Wednesday, July 8, 2020

Wait/Don’t Wait: Desperados Waiting For A Train

Nanci Griffith: Desperados Waiting For A Train

No personal story, no long history lesson, no political discussion today. Just a short discussion about a fine song, Guy Clark’s “Desperados Waiting For A Train.” (I mentioned this song a few years ago in a piece on Clark’s “Homegrown Tomatoes," but it’s worth its own post.)

As someone who backed into “country” music through alt-country/Americana/roots/folk music, I first became aware of the great songwriter Guy Clark from covers, particularly this version on Nanci Griffith’s 1998 release, Other Voices, Too (A Trip Back To Bountiful). On that album, Griffith performed the song with Clark, Jerry Jeff Walker, Steve Earle, Rodney Crowell, Jimmie Dale Gilmore, and Eric Taylor. In fact, before Clark released a version, on 1975’s Old No.1, it had already been covered by Walker, Rita Coolidge, David Allan Coe and Tom Rush. And before Griffith’s version was released, it had been covered by Slim Pickens and probably most famously, The Highwaymen (Johnny Cash, Waylon Jennings, Willie Nelson, and Kris Kristofferson, some pretty fine songwriters in their own right). And there have been many other covers released and performed, including by Earle, on his recent tribute to Clark, and Jason Isbell, who performed the song at Guy Clark's induction into the 2015 Austin City Limits hall of fame ceremony. Which is just to say that many, many great musicians and songwriters have felt the song worthy of recognition.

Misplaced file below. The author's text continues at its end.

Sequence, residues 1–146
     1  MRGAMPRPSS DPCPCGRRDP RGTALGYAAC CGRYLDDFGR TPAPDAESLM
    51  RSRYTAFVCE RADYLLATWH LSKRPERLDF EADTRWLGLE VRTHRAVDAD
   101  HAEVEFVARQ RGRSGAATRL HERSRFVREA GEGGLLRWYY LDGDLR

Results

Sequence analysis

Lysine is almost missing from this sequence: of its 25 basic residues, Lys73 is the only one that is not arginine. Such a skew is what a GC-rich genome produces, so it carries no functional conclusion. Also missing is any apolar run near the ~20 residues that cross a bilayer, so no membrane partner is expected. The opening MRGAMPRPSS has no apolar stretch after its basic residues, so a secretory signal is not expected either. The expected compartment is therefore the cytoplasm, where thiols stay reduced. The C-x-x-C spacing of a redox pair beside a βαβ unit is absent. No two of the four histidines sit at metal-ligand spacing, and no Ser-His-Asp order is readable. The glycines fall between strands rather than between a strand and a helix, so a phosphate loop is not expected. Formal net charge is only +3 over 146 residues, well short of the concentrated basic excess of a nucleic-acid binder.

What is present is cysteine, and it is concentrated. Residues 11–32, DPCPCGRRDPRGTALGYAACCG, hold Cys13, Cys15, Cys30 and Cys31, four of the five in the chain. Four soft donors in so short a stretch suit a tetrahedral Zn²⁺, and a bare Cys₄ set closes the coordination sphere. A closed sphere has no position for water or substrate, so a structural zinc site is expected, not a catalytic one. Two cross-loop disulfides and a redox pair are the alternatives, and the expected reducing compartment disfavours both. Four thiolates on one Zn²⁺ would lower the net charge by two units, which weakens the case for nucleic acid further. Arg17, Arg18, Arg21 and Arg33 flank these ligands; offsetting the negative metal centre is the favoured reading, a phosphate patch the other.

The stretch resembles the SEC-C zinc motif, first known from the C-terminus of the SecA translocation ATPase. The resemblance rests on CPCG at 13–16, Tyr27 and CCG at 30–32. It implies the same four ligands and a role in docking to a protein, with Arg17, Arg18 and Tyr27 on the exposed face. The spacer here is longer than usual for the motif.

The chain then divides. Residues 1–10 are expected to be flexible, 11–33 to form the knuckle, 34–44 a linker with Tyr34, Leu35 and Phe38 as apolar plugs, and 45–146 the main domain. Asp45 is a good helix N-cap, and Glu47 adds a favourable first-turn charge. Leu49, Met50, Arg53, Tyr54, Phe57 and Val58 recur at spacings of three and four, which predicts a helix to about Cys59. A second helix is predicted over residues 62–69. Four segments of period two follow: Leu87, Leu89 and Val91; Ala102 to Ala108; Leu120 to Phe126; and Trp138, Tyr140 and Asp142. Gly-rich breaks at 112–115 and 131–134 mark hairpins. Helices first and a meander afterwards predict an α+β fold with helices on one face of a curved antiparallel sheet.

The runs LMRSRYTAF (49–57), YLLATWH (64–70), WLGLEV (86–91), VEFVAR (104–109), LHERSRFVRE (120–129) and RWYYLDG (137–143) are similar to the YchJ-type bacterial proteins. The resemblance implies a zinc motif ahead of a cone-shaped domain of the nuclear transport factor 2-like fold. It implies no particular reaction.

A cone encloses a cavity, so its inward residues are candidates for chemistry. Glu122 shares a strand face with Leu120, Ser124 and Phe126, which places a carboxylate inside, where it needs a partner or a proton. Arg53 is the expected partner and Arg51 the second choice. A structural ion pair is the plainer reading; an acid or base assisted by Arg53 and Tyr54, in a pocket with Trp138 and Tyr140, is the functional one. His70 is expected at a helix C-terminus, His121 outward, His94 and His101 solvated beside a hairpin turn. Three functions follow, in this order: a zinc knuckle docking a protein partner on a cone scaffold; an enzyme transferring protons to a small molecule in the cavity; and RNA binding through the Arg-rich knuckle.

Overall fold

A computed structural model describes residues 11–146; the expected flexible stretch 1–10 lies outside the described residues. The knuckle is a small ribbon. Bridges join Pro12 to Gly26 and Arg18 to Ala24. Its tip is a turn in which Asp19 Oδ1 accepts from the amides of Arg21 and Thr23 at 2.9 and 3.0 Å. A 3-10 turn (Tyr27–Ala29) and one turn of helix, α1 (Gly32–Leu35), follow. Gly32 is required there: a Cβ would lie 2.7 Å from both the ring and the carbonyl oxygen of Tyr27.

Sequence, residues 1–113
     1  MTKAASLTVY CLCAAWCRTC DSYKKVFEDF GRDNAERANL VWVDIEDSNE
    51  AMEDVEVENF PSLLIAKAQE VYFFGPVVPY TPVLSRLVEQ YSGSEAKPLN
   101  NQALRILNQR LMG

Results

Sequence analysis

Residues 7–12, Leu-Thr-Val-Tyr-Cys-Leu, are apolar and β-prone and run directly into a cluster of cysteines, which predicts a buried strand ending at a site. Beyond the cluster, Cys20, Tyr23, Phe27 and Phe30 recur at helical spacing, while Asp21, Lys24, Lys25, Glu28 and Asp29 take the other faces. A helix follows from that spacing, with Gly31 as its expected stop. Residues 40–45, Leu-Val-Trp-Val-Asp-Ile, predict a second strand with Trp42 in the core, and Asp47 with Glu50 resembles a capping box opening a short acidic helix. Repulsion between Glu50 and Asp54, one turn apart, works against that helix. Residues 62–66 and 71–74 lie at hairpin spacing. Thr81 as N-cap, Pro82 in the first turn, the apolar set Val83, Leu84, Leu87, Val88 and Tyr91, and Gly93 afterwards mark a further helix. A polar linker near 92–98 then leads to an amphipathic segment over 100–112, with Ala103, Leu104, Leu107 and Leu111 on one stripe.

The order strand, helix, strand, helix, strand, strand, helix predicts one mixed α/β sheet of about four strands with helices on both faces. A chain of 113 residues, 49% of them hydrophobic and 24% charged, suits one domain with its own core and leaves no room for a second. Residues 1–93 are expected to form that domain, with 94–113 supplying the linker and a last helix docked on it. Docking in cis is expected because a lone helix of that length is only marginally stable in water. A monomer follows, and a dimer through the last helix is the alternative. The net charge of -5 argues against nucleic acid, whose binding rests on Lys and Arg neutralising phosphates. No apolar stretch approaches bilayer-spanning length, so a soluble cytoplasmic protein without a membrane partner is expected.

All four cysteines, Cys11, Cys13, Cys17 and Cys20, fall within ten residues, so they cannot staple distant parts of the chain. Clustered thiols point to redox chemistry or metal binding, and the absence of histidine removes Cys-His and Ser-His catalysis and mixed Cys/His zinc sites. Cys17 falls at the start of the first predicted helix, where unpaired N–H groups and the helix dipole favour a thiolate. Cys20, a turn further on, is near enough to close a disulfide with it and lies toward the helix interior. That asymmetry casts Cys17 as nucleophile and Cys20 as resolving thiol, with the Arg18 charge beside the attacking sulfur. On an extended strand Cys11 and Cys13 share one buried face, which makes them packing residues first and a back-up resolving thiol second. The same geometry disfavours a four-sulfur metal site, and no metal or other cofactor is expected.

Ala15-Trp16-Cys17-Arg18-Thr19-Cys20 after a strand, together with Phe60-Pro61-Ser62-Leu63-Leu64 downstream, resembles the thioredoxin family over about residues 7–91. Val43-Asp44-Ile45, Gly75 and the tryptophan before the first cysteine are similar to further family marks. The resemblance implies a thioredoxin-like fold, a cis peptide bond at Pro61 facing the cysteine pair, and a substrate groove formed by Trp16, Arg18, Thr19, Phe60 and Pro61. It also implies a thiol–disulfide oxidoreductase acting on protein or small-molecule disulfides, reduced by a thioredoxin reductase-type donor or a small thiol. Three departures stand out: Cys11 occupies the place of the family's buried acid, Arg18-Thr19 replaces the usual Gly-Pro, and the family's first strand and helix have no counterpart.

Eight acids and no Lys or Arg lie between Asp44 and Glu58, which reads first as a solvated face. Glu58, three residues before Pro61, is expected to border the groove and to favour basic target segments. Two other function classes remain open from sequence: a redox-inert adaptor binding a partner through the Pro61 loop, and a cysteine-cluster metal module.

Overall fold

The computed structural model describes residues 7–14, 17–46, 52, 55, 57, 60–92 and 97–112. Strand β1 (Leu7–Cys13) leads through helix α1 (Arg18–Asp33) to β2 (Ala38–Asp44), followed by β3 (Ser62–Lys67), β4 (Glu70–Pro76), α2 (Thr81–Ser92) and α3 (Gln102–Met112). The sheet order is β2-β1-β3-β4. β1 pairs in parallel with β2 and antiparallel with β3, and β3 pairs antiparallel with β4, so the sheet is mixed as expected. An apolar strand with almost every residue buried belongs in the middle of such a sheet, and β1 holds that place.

Clark had the ability that some great writers, and not only songwriters, have of being able to economically create an entire world, and entire characters, with no wasted words. (On the same album, Griffith also covered Richard Thompson and Woody Guthrie, who have that same talent.) I’m jealous as hell. In less than five minutes, the song tells the story of the relationship between a boy and an old man, and you can feel the love they felt for each other, and the respect that the boy had for the man, an old school oil worker, who seemed to the boy like he was from an old western. And one day, the boy realizes that the man is old, and dying, and the metaphorical train comes to take him away. Two lives in about four and a half minutes of brilliance. I don’t know if the song is studied in songwriting classes, but it should be.

It’s a true story. Clark wrote it about his grandmother’s boyfriend, who stayed at the hotel that she ran in a small Texas town. You can read more about it here.

In 1998, when Griffith released her album, she appeared with all of the guys (including Guy) who sang with her on David Letterman’s show. And since readers of my work here know I’m a huge Letterman fan, and a huge fan of the song, here’s a video:

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